When goals revolve purely around hitting annual sales targets and being No 1 in business, then we are in danger of overlooking long-term performance ingredients of positive culture, values and wellbeing along the way to achieving those goals. Creativity, innovation and resilience are lost and overall performance suffers.

Long-term sustainable success requires a different approach, which I call The Long Win based on three themes of Clarity, Constant Learning and Connection. Long-Win Thinking focuses on developing a clarity of purpose which is then linked to everyday working life, a Constant Learning mindset that values personal growth and development over short-term outcomes, and the prioritization of human Connections, so that we favour collaboration with others over competition against them.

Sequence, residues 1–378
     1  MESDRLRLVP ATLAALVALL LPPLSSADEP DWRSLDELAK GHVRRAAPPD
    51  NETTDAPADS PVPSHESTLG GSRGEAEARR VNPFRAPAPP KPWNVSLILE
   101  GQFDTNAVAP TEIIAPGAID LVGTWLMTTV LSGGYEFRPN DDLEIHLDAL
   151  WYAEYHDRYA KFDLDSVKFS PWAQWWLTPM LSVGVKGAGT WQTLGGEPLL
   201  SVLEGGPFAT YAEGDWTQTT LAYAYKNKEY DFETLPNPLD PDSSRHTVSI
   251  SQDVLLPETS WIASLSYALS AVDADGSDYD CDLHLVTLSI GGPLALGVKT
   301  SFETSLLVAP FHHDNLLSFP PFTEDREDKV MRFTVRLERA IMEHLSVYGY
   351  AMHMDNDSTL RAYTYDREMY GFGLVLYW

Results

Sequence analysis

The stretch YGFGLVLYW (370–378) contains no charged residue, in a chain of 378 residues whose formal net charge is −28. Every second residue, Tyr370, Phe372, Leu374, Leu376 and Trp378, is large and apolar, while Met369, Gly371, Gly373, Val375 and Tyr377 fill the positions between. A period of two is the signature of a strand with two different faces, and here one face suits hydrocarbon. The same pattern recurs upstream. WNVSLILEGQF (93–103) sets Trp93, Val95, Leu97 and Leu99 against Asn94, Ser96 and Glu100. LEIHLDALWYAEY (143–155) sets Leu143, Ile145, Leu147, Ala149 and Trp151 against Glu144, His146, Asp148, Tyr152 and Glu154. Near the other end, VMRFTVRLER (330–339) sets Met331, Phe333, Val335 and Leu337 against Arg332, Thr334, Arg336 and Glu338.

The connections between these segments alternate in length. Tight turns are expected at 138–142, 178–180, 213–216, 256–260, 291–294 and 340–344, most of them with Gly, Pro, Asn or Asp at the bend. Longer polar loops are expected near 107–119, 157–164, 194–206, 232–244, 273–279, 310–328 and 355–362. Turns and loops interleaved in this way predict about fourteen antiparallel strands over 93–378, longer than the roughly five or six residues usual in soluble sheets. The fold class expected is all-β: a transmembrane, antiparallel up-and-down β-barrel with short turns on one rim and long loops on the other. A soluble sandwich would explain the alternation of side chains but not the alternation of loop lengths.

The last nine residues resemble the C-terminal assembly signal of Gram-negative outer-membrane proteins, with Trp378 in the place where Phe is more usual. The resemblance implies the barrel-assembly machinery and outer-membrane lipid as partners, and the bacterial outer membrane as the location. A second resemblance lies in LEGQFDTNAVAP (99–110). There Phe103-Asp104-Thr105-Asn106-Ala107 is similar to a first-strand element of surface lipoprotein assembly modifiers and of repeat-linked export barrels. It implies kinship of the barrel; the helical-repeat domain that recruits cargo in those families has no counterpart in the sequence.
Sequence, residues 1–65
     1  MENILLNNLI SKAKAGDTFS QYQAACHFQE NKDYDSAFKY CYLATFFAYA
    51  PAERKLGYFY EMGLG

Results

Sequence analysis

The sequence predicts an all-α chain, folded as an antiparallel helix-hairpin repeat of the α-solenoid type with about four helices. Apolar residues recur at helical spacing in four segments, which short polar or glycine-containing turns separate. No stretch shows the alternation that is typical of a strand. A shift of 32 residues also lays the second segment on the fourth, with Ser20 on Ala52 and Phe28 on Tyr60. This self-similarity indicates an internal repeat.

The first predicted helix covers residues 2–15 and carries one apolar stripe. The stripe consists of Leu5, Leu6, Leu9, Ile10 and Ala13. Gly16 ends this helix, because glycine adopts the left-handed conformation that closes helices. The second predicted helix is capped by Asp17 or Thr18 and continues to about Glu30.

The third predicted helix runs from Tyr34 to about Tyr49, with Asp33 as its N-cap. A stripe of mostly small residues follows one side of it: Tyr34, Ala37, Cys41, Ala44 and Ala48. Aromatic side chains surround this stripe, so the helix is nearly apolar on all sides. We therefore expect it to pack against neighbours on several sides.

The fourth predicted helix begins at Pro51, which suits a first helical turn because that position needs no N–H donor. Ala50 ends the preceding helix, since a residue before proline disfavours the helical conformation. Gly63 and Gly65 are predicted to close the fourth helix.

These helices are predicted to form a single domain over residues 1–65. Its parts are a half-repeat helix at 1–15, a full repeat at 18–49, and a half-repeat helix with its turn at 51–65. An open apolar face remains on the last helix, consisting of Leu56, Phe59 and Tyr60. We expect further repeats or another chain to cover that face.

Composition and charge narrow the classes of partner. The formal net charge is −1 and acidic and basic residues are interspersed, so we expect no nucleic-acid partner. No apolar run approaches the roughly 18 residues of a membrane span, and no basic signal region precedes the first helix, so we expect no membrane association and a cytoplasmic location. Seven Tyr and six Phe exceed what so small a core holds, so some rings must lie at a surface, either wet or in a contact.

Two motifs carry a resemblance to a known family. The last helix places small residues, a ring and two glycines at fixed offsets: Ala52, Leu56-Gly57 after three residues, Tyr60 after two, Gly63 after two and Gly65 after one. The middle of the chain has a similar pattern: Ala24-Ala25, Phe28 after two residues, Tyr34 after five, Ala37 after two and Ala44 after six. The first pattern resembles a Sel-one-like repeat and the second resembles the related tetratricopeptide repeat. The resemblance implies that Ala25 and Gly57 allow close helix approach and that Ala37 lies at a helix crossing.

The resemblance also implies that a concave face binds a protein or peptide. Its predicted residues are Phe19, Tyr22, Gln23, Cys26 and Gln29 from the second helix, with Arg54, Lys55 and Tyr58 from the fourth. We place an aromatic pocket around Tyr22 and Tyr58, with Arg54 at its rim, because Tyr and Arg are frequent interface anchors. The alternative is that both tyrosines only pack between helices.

The world of high-performance sport is slowly realizing that gold medals aren’t won purely by wanting to be No 1. My Olympic journey competing at three Olympic Games taught me the importance of focusing on improvement rather than results, on teamwork rather than proving my individual worth all the time, and realizing that the elite sporting journey can be about more than just medals. Ironically, this approach enabled me to win more medals.

In my career as a diplomat, developing a common purpose and investing in relationships were key to success. In negotiations, relationships are the main currency for influencing, persuading and creating new collaborative ways forward for the challenging global issues we face. No two negotiations are the same, no outcomes can be predicted, and a learning mindset is the best asset, constantly looking for opportunities to connect at a deeper level and new possibilities for cooperation.

The same applies in the workplace. A focus on results without purpose, without constant learning and growth, and without investing in deep, authentic relationships with others actually minimizes our chances of achieving the results we want. It’s a subtle but significant shift to focus on ‘why’, ‘how’ and ‘who’, rather than simply ‘what’.